“He is deeply apologetic and we will be taking disciplinary action against him. I would like to extend my deep regret to the complainant and to assure her that this is not something we at SBS Transit condone.”

However the spokesperson, a Ms. Tammy Tan whose post is the ‘Senior Vice President of Group Corporate Communications’ at ComfortDelgro which owns SBS Transit, declined to elaborate what disciplinary action exactly will be taken, citing company policies. She added that the incident was not something the company takes lightly, and that ‘this is the first time the company has received a complaint involving an employee using a gay slur on a passenger or member of the public.

Kudos, SBS Transit. I have to say I can’t help but feel touched and proud to hear that a Singapore company stepped up and addressed such a complaint and taking some form of action.

Okay, it could have been better and clearer if she had elaborated what exactly is the disciplinary action. Plus, from my understanding of the Fridae article, it seems that SBS Transit had declined an offer from Ms. Lo to give ‘a talk on diversity’, with the spokesperson saying instead that the company has in place “internal training processes which cover a wide range of topics.

But that’s okay. To me it’s like, ‘baby steps’, although this feels more like big strides, to be honest. I hope it’s not just me, being impressed that they have done the right thing firstly by taking Ms. Lo’s complaint seriously and conducting an investigation, and then by acknowledging that the verbal abuse act did happen and for apologising to Ms. Lo, getting a customer service representative to call her. Even Ms. Lo said that she is “happy with how SBS has handled the matter”.

Kudos also to for picking up the story and contacting the company, and most of all to Ms. Leona Lo for pursuing the matter instead of just suffering in silence and brushing it aside, even though the incident had initially made her feel intimidated. What an inspiration, not just to trans folks, but to everyone.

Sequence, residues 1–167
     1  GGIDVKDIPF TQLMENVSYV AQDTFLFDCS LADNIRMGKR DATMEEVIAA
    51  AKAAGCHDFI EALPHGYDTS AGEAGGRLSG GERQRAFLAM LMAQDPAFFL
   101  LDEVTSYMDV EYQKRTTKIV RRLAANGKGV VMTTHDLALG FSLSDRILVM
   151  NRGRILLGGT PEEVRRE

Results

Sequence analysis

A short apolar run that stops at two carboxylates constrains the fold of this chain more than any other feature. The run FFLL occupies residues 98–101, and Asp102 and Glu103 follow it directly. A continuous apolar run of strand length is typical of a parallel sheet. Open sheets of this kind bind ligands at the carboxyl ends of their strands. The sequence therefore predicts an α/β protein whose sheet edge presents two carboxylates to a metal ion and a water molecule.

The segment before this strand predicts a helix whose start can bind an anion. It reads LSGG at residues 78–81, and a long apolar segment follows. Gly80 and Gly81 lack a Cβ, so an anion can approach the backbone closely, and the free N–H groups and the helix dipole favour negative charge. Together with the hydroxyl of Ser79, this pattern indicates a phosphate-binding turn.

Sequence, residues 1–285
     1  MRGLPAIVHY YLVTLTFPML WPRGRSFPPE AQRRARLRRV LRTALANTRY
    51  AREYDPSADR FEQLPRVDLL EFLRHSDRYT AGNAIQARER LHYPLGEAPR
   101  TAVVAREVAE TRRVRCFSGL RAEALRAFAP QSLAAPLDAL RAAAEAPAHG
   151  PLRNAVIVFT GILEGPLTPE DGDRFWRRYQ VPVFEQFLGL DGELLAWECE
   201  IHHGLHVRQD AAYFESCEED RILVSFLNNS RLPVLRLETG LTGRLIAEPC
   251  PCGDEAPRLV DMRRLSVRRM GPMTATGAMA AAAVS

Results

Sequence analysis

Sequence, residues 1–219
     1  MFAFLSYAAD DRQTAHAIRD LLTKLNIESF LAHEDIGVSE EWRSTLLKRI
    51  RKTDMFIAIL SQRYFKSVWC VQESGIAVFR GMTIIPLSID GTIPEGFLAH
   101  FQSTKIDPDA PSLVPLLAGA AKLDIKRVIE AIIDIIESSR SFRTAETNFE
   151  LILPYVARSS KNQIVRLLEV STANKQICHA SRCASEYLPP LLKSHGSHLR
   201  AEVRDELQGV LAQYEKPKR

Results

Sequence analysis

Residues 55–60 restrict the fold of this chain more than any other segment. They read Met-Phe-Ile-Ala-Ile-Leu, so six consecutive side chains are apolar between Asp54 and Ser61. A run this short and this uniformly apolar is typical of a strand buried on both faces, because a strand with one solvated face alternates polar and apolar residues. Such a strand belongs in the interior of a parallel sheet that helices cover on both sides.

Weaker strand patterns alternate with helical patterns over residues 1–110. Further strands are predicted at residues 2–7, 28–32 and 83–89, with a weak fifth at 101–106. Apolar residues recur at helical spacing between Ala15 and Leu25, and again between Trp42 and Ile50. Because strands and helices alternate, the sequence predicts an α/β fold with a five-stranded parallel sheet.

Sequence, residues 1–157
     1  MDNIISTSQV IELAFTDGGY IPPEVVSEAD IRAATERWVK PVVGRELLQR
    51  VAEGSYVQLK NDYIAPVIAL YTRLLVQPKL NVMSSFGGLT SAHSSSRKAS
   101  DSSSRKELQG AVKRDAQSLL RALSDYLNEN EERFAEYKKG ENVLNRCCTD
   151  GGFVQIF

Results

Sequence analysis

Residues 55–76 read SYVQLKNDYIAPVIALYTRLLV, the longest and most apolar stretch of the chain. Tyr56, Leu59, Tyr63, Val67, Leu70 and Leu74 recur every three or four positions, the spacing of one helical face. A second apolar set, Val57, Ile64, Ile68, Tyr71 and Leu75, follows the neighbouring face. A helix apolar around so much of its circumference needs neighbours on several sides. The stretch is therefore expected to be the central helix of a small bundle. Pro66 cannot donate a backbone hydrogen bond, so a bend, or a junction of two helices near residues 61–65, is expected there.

Ms. Lo told Fridae that she hopes it will be a learning experience for all, that such incidents need to be reported so that they can be stopped.

“I’ve received emails from transgender women humiliated by bouncers at nightclubs but when I ask them for an incident report they back out for fear of ‘reprisals’. In 2007, Lo offered to conduct diversity training for the employees of a bar where she was asked leave after she was told that the venue did not welcome “lady boys”.

Her compelling account and thoughts on her blog is a must-read.

Transgender women can take part in Miss Universe Singapore from 2013.

Jenna Talackova. Credit: Reuters/Mario Anzuoni. From Click photo to go to site.

After Donald Trump overruled the decision to disqualify transgender Jenna Talackova from the Miss Universe Canada pageant, the Miss Universe organization which he owns now decides to allow transgender women to take part in all its competitions from 2013 onwards. This decision was reached after discussion with the Gay and Lesbian Alliance Against Defamation (GLAAD).

Yahoo! Singapore reported last Monday the 23rd that the organiser for Miss Universe Singapore, Derrol Stepenny Promotions, will follow the new ruling. This means transgender women here can join naturally-born females to compete for the crown from next year onwards. A spokesperson from Derrol Stepenny told Yahoo! Singapore:

“Even though we have not received any official communication from Miss Universe organisation stating that  all countries will have to adhere to the new ruling, we are nonetheless open to it. That is the new ruling and we will not discriminate against transgenders who apply.”

I think that’s great and commendable of Derrol Stepenny. A few days ago, I found that Yahoo! Singapore posted a poll asking “Would you accept a transgender as Miss Singapore Universe?”, and I voted yes. A few minutes ago I checked on that poll again, and found that only 29% voted yes as well (1674 respondents). 71% (4159) responded no. Disappointing but not surprising somehow.

So I hope Derrol Stepenny will continue to be brave and stick to their decision even if it turns out that not all countries need to adhere to the new ‘transgenders allowed’ rule for the main Miss Universe pageant.

I can’t believe I’m writing about pageants. Even more than that I can’t believe I just typed ‘naturally-born females’ earlier. Surreal.

I don’t know why but this issue makes me think as well of the seemingly massive numbers of immigrants and migrant workers (we call them ‘foreign talent’ here or FT for short) that I feel us Singaporeans are inundated and trying to cope with. Now that they live in public housing estates and are everywhere, I can’t tell if a Chinese I stand next to is a Chinese who was born and raised in Singapore or Malaysia, or a China Chinese, until he or she speaks and lets me hear the accent. Or that brown-skinned person who looks like a fellow Malay to me, who I greet in Malay but he turns out to be Filipino, so I feel embarrassed for the assumption and greet him again, in English. Or if that Indian guy was born and raised here as I was, or migrated from India or someplace else just some years ago. Does it matter? Of course not, but only if we are all treated fairly.